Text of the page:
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As part of an ongoing series this month in the Business section, we review five companies and their entrepreneurs who are making waves in Flagstaff. These profiles were original part of an article originally appeared in the November issue of Northern Arizona’s Mountain Living Magazine.

Of Trails and Technology: Localeikki

Outdoor recreationists are spoiled when it comes to Flagstaff, where a wondrous web of urban trails, forest trails and open spaces make for easy and easy-to-find access for hikers, runners and cyclists. But visit another city without the noticeable trailheads and signage, and getting in a lengthy run or outdoor escape is a challenge.

For this reason, Tracy McMillan has jumpstarted Localeikki, a web and app-based company that provides detailed information about the different trails and recreational offerings available in cities throughout the country. She is joined by business partner Taylor Thomas, and the two have recruited 50 “ambassadors” who are working to populate the website and application. The app launched on Apple on Sept. 7. An Android app is due out this spring.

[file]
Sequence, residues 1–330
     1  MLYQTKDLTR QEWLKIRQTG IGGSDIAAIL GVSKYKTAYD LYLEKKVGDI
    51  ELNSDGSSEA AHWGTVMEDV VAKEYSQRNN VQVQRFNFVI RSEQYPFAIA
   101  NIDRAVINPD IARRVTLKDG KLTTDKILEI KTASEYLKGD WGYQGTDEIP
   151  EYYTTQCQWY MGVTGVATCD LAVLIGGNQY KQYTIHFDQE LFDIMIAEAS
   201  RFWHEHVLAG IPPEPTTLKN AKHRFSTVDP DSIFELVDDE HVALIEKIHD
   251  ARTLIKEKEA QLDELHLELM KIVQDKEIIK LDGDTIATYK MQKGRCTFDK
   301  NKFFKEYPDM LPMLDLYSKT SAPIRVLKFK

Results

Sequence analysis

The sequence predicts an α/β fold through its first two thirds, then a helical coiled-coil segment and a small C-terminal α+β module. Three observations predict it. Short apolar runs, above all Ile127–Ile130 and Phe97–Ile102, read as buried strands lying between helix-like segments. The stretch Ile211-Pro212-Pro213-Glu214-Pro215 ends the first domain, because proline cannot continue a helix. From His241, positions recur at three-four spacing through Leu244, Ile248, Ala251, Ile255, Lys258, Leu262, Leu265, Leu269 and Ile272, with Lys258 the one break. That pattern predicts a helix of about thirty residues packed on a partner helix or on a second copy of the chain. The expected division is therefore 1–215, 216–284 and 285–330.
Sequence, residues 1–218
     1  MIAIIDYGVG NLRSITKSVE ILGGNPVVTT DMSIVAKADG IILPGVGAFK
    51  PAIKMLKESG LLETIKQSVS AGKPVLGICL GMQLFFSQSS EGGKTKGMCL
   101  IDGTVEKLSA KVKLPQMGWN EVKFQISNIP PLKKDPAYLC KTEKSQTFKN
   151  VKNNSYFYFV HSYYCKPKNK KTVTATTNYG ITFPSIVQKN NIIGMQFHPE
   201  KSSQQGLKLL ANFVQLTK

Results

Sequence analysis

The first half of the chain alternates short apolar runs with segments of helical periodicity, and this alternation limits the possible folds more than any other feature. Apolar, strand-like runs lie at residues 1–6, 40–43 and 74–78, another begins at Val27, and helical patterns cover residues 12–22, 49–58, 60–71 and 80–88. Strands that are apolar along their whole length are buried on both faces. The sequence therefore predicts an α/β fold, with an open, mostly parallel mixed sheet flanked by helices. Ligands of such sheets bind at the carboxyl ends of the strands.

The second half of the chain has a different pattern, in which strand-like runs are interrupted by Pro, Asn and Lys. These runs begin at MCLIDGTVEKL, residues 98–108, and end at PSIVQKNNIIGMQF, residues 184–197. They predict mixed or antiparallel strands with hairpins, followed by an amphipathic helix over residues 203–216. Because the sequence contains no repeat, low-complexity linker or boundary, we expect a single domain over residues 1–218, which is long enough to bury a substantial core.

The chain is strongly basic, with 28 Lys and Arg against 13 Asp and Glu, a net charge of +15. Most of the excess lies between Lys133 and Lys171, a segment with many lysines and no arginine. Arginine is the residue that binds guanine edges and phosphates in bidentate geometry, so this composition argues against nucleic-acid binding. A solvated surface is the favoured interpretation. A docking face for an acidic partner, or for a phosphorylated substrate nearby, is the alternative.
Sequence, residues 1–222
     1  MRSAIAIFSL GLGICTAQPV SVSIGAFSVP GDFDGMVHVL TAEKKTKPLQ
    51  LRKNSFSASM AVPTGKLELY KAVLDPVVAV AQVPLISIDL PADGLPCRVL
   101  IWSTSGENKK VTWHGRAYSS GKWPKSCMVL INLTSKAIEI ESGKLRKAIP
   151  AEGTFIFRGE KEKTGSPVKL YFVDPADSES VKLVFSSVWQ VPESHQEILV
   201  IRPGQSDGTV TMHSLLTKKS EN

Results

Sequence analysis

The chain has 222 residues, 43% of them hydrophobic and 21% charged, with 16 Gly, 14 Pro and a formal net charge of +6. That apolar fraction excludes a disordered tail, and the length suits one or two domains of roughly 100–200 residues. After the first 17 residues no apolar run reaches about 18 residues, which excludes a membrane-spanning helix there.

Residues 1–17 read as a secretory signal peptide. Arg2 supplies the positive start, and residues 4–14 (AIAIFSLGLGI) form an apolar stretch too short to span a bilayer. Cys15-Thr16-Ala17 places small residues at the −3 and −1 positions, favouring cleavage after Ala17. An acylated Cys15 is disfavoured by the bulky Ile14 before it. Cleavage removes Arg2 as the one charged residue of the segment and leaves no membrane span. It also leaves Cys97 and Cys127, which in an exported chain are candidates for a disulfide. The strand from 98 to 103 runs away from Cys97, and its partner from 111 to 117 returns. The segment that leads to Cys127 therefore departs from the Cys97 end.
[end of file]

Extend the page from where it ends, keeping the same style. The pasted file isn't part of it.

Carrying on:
“We are creating a real-time active travel guide,” McMillan said. “It has more information that is top-of-mind for users. We’re gathering information on bathrooms, parking, street crossings, and whether a place is kid-friendly. Compared to what comes up on a Google search or on a site like, we slice the information differently and are filling a different niche … the goal is to make this a social network and a travel tool.”

“And we have a super-active, key group of early adopters who are continually making the product better with their contributions,” Thomas noted. The early population of the site already includes in-depth information on both major cities and well-known recreational towns. Visit to learn more.

Pursuit of Greatness: Hypo2 Sport

Very few one-man businesses can make this claim: having a service that generates $1.2 million a year for the Flagstaff economy. And yet, that is what Sean Anthony has done. In 2009, Anthony moved forward with his company Hypo2 Sport. He works to bring high-performance endurance athletes to Flagstaff to train at altitude, where the lower partial pressure of oxygen can create higher red-blood-cell counts and increase hemoglobin mass. The name Hypo2 comes from the sports-science term hypoxia altitude training

Anthony, who worked with the Northern Arizona University High Altitude Training Center before it closed, saw the need to continue a service for athletes from to come to Flagstaff. Here, they get to train at 7,000 elevation feet in a small city that features indoor and outdoor tracks, an aquatic center and other amenities.